Former academic says he was brutally tortured at Ankara Police Department

Muhammed Savaş Bayındır, a former academic in the law faculty at Ankara’s Gazi University, in a public letter said he was brutally tortured at the Ankara Police Department after being detained in a post-coup purge.

In the letter published by Bold Medya, Bayındır said he was detained on July 20, 2016 and taken to a sports hall that was used by the counterterrorism branch of the police. He recalled many other men like him waiting with their hands tied behind their backs standing facing the wall.

He later learned that most of the detainees were military officers.

Bayındır was also made to wait all night in that situation and said police officers insulted them and did not give them food or water. He added that the police had masks and that their faces were not visible.

In the morning Bayındır was ordered to strip naked and was handed an orange uniform. He was then told to kneel and wait for hours in that position. All the time the detainees were made to listen to speeches of Turkish President Recep Tayyip Erdoğan, which were broadcast on a loudspeaker.

“I remember the smell of blood and sweat in the hall,” he said. “I could see blood stains on the walls. The military officers were the worst off, as they were constantly beaten, insulted and humiliated. Some had broken jaws; others had broken arms or other limbs.”

Bayındır said they were regularly made to stand up and shout out profanities about themselves. He said they were threatened to give up information on their colleagues and the rector.

He said he was taken to a filthy back room where he was beaten with a baton. Bayındır recalled he was sprayed with water, stripped and further beaten. “In addition to the physical pain, I felt extremely humiliated,” he said.

“For fifteen days we were kicked, slapped and insulted,” he said. “We were beaten until we passed out.”

Bayındır added that they slept on the bare floor and the lights were constantly on. He explained that sometimes police officers would come during the night and randomly start shouting to wake them up. “Whatever sleep we could have on the freezing cold floor was disrupted by the shouting,” he said.

The detainees were only given 50 grams of bread and 20 grams of cheese two times a day. After a while Bayındır started experiencing nausea and dizziness from a lack of nutrition. By the end of the 28 days of detention Bayındır had lost 15 kilograms.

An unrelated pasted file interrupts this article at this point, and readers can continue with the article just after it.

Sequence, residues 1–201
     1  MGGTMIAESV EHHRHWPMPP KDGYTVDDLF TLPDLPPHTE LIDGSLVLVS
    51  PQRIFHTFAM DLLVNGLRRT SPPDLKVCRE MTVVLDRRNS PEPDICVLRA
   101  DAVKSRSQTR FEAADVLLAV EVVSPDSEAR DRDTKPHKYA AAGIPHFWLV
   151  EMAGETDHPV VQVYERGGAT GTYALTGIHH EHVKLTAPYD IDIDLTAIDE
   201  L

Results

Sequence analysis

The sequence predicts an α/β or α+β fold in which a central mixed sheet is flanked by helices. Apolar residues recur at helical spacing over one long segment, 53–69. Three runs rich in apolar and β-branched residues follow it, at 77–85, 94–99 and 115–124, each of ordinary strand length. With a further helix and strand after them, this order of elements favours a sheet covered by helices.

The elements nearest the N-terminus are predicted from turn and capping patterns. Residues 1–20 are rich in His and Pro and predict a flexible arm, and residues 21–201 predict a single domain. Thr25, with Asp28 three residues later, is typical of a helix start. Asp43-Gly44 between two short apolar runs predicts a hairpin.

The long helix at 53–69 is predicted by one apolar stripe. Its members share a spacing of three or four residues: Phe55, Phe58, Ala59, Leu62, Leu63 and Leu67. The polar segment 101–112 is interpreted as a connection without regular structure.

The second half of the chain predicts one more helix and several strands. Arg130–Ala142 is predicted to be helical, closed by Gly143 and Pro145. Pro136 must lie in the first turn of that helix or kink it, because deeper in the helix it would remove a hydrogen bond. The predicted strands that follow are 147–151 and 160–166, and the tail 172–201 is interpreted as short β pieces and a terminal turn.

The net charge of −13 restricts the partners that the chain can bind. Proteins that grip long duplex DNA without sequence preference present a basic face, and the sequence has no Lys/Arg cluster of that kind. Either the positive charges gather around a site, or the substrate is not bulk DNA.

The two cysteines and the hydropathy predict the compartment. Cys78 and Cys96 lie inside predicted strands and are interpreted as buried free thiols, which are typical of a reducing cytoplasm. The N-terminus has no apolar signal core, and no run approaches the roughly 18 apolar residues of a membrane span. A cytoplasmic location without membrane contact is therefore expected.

“My wife said she could barely recognize me at the courthouse,” he said.

After nearly a month in detention Bayındır was taken to a basement room for questioning, where police officers forced him to sign a false statement. When he was eventually taken to the prosecutor’s office, the situation was no different as the prosecutor dismissed his claims of torture.

Bayındır said he was trying to forget what happened in detention but that he could never forget the screams of the tortured.

After a month in detention Bayındır appeared in court and was arrested for links to the Gülen movement. He was accused of sending his children to a private school affiliated with the movement. Bayındır was sent to Ankara’s Sincan Prison, where he was kept for 19 months.

Bayındır was eventually acquitted of all charges and moved to the United States with his family a year ago.

President Erdoğan has been targeting followers of the Gülen movement, a faith-based group inspired by Turkish cleric Fethullah Gülen, since the corruption investigations of December 17-25, 2013, which implicated then-prime minister Erdoğan, his family members and his inner circle.

Dismissing the investigations as a Gülenist coup and conspiracy against his government, Erdoğan designated the movement as a terrorist organization and began to target its members. He intensified the crackdown on the movement following a coup attempt on July 15, 2016 that he accused Gülen of masterminding. Gülen and the movement strongly deny involvement in the abortive putsch or any terrorist activity.

A total of 319,587 people have been detained and 99,962 arrested in operations against supporters of the Gülen movement since the coup attempt, Turkey’s Interior Minister Süleyman Soylu said in November.

After the abortive putsch, ill-treatment and torture became widespread and systematic in Turkish detention centers. Lack of condemnation from higher officials and a readiness to cover up allegations rather than investigate them have resulted in widespread impunity for the security forces.

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